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Mark Trail, 1/19/13

Here’s a free tip from a semi-professional writer person (and yes, the novel is coming along, everybody!): if anyone in your story says “As you know,” you’ve failed! You’re trying to wedge in some backstory in a “natural” way, but in the real world, people don’t go around telling each other things that they both already know. Try maybe introducing this information by having a character who doesn’t know it learn about it? Or even just have it conveyed by the omniscient authorial voice — there’s no shame in that, if you do it deftly!

Usually, of course, this clumsy technique is meant to introduce some information specific to the narrative at hand, but using it for a sweeping statement like “Most fishermen are good people” takes it to another level. I actually had never even considered that fishermen were more or less likely to be good than members of the population at large until ol’ Bluegill felt like he needed to make such a big deal about it; now I’m troubled by how little we really know about these sinister boot-wearing fish-murderers. Sure, they say their flies are made of fur, feather, thread, or other such material, but do we know for sure they aren’t made from human skin? It would be irresponsible not to speculate. If we went into Bluegill’s basement, would we find horrific kill-chamber? Almost certainly!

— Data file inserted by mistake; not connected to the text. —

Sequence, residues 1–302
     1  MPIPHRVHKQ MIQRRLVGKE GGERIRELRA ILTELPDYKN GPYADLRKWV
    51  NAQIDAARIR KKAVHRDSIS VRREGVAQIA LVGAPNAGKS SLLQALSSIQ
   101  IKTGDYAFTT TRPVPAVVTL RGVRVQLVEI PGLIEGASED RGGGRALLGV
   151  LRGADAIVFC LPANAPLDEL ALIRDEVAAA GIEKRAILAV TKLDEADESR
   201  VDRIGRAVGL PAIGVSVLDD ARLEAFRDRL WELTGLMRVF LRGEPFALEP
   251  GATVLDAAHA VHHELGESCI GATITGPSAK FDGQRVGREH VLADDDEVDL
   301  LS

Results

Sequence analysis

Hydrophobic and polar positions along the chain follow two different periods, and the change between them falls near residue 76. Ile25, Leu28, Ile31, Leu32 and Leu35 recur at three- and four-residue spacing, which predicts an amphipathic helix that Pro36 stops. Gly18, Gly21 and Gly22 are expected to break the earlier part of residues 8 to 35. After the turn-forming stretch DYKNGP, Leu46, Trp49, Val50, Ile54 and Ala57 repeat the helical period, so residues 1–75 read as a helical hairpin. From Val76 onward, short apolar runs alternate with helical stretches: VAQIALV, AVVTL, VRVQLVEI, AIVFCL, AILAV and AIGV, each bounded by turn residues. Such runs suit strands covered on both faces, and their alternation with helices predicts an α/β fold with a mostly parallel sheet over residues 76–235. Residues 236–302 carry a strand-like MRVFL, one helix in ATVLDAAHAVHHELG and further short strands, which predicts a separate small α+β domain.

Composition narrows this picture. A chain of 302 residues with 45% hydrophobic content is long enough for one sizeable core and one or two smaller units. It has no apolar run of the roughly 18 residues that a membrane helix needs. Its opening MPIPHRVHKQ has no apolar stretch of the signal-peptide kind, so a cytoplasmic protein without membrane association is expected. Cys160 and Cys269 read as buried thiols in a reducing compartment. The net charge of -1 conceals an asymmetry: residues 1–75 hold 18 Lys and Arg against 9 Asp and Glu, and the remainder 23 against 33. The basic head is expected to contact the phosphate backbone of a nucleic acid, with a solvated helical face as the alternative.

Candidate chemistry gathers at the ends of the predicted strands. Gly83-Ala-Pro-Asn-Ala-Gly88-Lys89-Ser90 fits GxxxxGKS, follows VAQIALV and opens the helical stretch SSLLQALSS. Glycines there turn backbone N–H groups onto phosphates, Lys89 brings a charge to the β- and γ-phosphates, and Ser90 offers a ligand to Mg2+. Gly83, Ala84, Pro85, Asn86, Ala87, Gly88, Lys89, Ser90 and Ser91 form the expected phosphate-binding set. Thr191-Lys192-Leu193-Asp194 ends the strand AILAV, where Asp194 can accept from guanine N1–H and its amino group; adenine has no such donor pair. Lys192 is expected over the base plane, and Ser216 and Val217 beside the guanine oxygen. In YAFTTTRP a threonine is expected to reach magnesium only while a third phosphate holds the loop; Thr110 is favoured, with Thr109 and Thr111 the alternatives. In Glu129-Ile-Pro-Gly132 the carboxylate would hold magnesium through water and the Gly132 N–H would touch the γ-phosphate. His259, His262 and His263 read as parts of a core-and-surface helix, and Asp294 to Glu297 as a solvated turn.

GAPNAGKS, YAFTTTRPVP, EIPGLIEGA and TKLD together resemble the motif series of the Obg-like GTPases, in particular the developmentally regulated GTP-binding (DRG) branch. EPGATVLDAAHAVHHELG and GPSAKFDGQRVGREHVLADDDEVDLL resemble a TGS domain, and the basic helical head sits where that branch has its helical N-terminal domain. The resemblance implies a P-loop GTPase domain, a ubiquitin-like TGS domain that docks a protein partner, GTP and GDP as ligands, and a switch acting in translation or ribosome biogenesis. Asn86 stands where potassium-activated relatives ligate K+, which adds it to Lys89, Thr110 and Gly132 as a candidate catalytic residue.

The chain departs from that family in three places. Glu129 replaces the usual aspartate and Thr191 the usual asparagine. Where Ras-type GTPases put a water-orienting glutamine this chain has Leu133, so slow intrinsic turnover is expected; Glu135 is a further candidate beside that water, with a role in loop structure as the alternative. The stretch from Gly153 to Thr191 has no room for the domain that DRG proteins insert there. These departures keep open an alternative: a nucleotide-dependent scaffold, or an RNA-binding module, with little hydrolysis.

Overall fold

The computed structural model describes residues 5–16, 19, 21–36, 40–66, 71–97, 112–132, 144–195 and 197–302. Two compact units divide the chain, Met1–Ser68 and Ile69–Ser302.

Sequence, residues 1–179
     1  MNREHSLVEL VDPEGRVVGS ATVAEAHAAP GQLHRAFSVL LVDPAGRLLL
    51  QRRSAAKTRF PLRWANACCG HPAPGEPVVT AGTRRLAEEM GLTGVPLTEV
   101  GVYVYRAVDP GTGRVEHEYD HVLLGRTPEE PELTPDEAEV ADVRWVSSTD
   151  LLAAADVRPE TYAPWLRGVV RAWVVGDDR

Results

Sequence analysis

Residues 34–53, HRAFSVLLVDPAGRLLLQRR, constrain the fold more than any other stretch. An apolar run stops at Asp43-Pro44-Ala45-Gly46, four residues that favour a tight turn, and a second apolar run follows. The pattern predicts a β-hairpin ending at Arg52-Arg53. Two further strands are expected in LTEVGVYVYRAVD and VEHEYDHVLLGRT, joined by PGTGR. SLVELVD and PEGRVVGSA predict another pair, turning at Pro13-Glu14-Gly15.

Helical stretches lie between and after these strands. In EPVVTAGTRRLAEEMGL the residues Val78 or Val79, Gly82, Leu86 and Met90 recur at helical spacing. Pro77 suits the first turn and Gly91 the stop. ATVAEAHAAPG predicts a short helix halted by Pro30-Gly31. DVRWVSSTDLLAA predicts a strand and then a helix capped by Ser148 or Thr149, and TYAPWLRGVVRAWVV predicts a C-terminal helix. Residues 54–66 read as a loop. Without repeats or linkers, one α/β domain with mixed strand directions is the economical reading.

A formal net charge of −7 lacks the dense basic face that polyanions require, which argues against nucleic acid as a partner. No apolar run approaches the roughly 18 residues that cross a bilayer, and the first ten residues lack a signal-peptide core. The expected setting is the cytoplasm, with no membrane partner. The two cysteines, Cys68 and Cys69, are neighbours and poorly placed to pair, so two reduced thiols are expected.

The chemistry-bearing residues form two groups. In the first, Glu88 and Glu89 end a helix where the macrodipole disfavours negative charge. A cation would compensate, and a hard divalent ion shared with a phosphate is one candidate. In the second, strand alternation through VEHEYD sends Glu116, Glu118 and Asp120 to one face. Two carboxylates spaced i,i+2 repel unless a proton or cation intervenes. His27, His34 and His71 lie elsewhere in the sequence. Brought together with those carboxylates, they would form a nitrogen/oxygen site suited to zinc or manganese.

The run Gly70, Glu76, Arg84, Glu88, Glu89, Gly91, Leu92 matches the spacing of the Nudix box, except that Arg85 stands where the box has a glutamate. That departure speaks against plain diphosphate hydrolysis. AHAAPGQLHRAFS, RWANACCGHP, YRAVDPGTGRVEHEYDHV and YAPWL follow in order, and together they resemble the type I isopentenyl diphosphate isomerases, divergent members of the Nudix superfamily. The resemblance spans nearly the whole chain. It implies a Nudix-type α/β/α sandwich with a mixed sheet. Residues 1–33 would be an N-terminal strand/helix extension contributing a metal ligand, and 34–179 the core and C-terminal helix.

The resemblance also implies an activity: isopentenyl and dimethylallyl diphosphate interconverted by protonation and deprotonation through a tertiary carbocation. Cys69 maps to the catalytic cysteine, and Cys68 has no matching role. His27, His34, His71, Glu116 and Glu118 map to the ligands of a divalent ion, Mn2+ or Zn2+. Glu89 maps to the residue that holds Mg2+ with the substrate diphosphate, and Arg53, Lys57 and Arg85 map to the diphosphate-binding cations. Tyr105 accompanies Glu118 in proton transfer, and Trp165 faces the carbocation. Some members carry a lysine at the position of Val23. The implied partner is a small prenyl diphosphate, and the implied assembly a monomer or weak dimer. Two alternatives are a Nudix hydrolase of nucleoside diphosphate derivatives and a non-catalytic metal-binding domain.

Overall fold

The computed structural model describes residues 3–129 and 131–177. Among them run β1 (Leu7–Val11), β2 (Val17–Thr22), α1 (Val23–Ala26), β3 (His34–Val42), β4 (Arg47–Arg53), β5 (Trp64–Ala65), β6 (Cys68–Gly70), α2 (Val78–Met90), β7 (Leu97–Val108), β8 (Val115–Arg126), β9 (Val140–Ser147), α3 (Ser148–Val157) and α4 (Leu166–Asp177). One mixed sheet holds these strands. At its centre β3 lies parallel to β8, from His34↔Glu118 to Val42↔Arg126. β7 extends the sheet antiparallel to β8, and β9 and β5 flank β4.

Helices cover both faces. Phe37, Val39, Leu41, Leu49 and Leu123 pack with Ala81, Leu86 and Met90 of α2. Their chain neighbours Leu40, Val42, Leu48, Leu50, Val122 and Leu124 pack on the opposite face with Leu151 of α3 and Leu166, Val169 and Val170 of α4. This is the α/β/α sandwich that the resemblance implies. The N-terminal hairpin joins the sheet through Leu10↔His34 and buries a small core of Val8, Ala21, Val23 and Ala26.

Slylock Fox, 1/19/13

Meanwhile, Slylock Fox continues to be the sleaziest comic in the newspaper. I don’t know if spraying a consenting partner with liquid out of your nose technically falls under the sexual category of “water sports,” but the satisfied, tongue-lolling expression on this duck makes it clear that this is no innocent bath.

Gil Thorp, 1/19/13

Speaking of bird perversions, you might think based on Scott’s thrilled expression in panel three that “the peacock” is what the kids are calling penises these days. Sadly, his girlfriend is just referring to an actual, albeit maybe magical, peacock.